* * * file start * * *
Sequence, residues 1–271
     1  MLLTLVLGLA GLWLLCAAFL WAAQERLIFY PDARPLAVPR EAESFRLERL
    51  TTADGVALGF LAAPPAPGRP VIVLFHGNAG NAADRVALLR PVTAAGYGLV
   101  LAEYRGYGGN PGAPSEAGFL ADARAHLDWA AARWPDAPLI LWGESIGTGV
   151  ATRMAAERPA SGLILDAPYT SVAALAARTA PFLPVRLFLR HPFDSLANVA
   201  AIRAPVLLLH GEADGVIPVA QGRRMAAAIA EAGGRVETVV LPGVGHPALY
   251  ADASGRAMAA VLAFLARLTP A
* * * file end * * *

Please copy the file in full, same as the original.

Sequence, residues 1–271
     1  MLLTLVLGLA GLWLLCAAFL WAAQERLIFY PDARPLAVPR EAESFRLERL
    51  TTADGVALGF LAAPPAPGRP VIVLFHGNAG NAADRVALLR PVTAAGYGLV
   101  LAEYRGYGGN PGAPSEAGFL ADARAHLDWA AARWPDAPLI LWGESIGTGV
   151  ATRMAAERPA SGLILDAPYT SVAALAARTA PFLPVRLFLR HPFDSLANVA
   201  AIRAPVLLLH GEADGVIPVA QGRRMAAAIA EAGGRVETVV LPGVGHPALY
   251  ADASGRAMAA VLAFLARLTP A